In late 1935, Witness Walter Gobitas’ two children—Lillian, 12, and Billy, 10—were expelled from school in Minersville, Pa., because they balked at the mandatory recital of the Pledge of Allegiance, and a long court battle ensued. When Gobitis v. Minersville School District (as with Barnette, a court clerk misspelled the family surname) made its way to the Supreme Court in the spring of 1940, Rutherford and Covington framed their argument in religious terms, claiming that any statute contrary to God’s law as given to Moses must be void. The Court rejected the Witnesses’ claim, holding that the secular interests of the school district in fostering patriotism were paramount. In the majority opinion, written during the same month that France fell to the Nazis, Felix Frankfurter wrote: “National unity is the basis of national security.” The plaintiffs, said Frankfurter, were free to “fight out the wise use of legislative authority in the forum of public opinion and before legislative assemblies.”
In a strongly worded dissent, Justice Harlan Stone argued that “constitutional guarantees or personal liberty are not always absolutes…but it is a long step, and one which I am unwilling to take, that government may, as a supposed educational measure…compel public affirmations which violate their public conscience.” Further, said Stone, the prospect of help for this “small and helpless minority” by the political process was so remote that Frankfurter had effectively “surrendered…the liberty of small minorities to the popular will.”
Public reaction to Gobitis bordered on hysteria, colored by the hotly debated prospect of American participation in the war in Europe. Some vigilantes interpreted the Supreme Court’s decision as a signal that Jehovah’s Witnesses were traitors who might be linked to a network of Nazi spies and saboteurs. In Imperial, a town outside Pittsburgh, a mob descended on a small group of Witnesses and pummeled them mercilessly. One Witness was beaten unconscious, and those who fled were cornered by ax- and knife-wielding men riding the town’s fire truck as someone yelled, “Get the ropes! Bring the flag!” In Kennebunk, Maine, the Witnesses’ gathering place, Kingdom Hall, was ransacked and torched, and days of rioting ensued. In Litchfield, Ill., an angry crowd spread an American flag on the hood of a car and watched while a man repeatedly smashed the head of a Witness upon it. In Rockville, Md., Witnesses were assaulted across the street from the police station, while officers stood and watched. By the end of the year, the American Civil Liberties Union estimated that 1,500 Witnesses had been assaulted in 335 separate attacks.
The reversal of Gobitis in Barnette just three years later was remarkably swift considering the typical pace of deliberations in the Supreme Court. In the wake of all the violence against Witnesses, three Supreme Court justices—William O. Douglas, Frank Murphy and Hugo Black—publicly signaled in a separate case that they thought Gobitis had been “wrongly decided.” When Barnette reached the Supreme Court in 1943, Harlan Stone, the lone dissenter in Gobitis, had risen to chief justice. The facts of the two cases mirrored each other, but the outcome differed dramatically. Most important, in ruling that Witness children could not be forced to recite the pledge, the new majority rejected the notion that legislatures, rather than the courts, were the proper place to address questions involving religious liberty. The “very purpose” of the Bill of Rights, wrote Justice Robert Jackson, was to protect some issues from the majority rule of politics. “One’s right to life, liberty and property, to free speech, a free press, freedom of worship and assembly, may not be submitted to vote….Fundamental rights depend on the outcome of no elections.” Jackson’s opinion was laced with condemnation of enforced patriotism and oblique hints at the slaughter taking place in Hitler’s Europe. “Those who begin in coercive elimination of dissent soon find themselves exterminating dissenters,” Jackson wrote. “Compulsory unification of opinions achieves only the unanimity of the graveyard.” Religious dissenters, when seen from this perspective, are like the canary in the coal mine: When they begin to suffer and die, everyone should be worried that the atmosphere has been polluted by tyranny.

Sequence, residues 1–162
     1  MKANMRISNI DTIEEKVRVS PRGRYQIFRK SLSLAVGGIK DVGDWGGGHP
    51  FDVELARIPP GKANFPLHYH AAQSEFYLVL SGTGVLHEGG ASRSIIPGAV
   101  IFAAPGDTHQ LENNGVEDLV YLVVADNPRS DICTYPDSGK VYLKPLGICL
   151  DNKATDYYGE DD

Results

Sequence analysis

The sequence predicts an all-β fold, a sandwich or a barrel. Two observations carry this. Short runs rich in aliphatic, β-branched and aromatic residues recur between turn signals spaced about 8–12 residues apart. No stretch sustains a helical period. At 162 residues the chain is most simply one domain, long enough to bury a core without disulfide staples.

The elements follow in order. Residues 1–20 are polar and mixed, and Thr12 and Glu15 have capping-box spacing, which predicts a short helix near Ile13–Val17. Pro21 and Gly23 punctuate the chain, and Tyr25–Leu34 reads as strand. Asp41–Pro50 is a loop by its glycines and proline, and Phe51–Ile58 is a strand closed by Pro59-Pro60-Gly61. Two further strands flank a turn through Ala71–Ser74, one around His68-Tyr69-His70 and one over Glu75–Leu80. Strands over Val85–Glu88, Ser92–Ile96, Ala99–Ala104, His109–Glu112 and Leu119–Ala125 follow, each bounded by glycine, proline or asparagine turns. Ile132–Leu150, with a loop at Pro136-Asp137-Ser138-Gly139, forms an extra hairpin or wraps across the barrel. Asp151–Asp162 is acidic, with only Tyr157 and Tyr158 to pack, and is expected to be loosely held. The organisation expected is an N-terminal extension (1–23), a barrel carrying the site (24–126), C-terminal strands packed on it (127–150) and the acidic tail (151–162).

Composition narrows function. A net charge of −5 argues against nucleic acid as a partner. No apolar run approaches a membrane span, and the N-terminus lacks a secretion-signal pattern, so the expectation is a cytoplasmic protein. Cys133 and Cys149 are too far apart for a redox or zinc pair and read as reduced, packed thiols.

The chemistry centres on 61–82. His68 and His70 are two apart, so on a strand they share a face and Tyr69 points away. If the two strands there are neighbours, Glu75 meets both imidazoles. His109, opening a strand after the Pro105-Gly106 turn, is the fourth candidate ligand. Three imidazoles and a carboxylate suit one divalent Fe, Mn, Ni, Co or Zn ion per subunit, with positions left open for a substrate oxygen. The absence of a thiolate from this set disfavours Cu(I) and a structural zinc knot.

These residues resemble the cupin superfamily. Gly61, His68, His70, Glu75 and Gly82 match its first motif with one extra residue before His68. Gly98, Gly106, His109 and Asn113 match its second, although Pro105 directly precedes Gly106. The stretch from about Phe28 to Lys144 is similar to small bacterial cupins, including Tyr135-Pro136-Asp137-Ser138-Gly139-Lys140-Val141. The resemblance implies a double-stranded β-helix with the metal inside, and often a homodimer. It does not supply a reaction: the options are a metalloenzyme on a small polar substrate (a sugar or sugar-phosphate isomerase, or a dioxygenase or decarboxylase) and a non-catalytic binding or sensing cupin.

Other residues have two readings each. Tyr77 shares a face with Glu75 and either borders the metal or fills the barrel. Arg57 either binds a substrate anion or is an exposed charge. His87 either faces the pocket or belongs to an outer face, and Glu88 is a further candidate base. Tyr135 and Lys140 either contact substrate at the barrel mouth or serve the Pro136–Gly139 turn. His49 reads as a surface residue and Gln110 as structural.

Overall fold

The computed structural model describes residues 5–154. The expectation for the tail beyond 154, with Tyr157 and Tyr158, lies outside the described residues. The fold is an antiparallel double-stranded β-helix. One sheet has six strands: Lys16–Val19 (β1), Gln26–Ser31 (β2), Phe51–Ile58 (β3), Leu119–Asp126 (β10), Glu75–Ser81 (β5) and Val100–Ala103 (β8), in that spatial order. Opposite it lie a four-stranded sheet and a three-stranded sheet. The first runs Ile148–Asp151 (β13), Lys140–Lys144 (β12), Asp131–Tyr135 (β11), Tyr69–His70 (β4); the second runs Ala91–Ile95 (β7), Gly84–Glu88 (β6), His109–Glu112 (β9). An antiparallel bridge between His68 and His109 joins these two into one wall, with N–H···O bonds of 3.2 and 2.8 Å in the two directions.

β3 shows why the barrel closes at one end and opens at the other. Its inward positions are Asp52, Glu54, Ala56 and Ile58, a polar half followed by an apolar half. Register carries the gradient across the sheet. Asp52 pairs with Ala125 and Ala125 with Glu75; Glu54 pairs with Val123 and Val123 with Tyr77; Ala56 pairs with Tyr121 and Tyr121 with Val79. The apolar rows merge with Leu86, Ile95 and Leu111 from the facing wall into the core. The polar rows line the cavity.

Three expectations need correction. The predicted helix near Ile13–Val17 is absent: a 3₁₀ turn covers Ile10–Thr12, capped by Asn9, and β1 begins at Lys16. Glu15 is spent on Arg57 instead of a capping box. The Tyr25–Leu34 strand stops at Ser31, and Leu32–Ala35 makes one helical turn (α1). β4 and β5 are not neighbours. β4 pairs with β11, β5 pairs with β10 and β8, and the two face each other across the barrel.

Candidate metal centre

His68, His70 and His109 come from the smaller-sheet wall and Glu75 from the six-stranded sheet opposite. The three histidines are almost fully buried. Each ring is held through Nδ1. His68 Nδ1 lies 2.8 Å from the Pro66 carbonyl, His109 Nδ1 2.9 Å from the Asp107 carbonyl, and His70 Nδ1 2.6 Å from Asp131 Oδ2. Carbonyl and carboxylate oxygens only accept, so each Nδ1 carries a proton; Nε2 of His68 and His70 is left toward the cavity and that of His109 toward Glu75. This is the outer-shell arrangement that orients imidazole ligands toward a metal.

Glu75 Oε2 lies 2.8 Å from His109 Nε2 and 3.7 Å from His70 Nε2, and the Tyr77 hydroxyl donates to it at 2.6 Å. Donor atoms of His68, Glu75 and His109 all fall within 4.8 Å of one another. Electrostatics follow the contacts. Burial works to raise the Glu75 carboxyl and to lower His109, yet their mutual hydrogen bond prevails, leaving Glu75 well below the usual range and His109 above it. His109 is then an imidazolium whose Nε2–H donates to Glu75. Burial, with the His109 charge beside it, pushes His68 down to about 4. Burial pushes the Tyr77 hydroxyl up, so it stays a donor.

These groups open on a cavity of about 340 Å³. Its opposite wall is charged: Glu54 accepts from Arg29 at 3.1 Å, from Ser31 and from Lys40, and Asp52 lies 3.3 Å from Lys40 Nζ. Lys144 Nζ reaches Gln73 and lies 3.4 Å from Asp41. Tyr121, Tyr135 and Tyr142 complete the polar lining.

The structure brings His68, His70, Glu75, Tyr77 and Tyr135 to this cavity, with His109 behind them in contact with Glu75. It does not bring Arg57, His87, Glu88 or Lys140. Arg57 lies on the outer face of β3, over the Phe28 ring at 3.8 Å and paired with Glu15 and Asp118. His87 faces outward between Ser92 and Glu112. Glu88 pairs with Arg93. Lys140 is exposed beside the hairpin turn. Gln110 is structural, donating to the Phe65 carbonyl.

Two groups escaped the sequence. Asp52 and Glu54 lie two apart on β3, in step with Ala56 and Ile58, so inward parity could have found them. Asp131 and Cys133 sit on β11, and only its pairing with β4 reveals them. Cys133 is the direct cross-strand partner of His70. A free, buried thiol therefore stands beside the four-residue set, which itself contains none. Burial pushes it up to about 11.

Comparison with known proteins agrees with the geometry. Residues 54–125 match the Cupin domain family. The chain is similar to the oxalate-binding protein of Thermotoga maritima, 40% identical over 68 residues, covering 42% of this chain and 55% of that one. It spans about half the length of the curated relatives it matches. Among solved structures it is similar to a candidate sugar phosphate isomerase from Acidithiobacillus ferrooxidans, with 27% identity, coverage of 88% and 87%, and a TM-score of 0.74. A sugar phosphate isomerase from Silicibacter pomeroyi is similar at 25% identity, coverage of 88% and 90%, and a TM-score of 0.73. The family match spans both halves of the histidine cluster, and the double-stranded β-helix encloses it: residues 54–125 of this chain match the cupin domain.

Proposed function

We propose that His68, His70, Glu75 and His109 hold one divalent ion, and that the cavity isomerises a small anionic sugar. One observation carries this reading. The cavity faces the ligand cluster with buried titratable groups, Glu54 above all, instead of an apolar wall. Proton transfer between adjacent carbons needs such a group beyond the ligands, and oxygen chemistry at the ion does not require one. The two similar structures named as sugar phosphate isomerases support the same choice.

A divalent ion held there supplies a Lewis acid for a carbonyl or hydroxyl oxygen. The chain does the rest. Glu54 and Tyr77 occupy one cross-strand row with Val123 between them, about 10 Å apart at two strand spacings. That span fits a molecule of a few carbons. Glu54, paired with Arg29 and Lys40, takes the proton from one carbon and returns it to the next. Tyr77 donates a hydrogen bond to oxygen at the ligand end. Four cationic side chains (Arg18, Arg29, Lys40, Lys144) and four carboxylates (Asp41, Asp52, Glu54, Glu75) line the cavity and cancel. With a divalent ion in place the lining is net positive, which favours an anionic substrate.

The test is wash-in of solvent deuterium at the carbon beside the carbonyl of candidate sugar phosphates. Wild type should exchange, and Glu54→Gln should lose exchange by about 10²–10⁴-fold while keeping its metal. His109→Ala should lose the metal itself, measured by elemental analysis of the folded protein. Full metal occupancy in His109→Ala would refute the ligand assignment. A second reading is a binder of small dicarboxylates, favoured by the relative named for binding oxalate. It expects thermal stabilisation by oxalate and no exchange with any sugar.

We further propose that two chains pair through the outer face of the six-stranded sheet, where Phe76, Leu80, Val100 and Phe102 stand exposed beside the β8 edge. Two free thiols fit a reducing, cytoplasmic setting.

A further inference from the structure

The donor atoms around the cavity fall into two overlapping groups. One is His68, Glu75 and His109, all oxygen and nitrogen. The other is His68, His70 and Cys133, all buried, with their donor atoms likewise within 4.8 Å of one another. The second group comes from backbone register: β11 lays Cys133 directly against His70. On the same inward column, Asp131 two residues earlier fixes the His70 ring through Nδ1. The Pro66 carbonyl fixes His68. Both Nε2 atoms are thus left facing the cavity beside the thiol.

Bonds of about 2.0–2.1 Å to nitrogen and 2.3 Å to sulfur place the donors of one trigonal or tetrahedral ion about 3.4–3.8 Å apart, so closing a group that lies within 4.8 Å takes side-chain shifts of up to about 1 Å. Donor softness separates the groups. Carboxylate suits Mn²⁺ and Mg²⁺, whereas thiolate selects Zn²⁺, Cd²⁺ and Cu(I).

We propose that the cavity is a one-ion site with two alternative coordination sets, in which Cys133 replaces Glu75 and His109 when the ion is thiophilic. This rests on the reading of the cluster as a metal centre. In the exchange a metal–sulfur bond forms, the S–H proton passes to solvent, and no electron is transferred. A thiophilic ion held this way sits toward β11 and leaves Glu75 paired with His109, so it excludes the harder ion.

Today, the Witnesses still proselytize, but their right to do so is well established thanks to their long legal campaign. Over time they became less confrontational and blended into the fabric of American life.
In the wake of the Barnette decision, the flag and the Pledge of Allegiance continued to occupy a key (yet ambiguous) place in American politics and law. The original pledge was a secular oath, with no reference to any power greater than the United States of America. The phrase “under God” was added by an act of Congress and signed into law by President Dwight Eisenhower on Flag Day, June 14, 1954. Eisenhower, who had grown up in a Jehovah’s Witness household but later became a Presbyterian, alluded to the growing threat posed by Communists in the Soviet Union and China when he signed the bill: “In this way we are reaffirming the transcendence of religious faith in America’s heritage and future; in this way we shall constantly strengthen those spiritual weapons which forever will be our country’s most powerful resources in peace and war.”
Eisenhower’s political instincts for the ways that religion functioned in American life were finely honed: Support for the amendment to the Pledge of Allegiance was strong, including an overwhelming majority of Catholics and Protestants as well as a majority of Jews. According to a Gallup survey, the only group that truly opposed the change was the smattering of atheists. In a country locked in battle with godless communism, a spiritual weapon such as an amended pledge that was not denominationally specific made sense. Only after the intervening half-century and more does the “Judeo-Christian” God invoked in the pledge seem less than broadly inclusive.
Sarah Barringer Gordon is the author of The Spirit of the Law: Religious Voices and the Constitution in Modern America.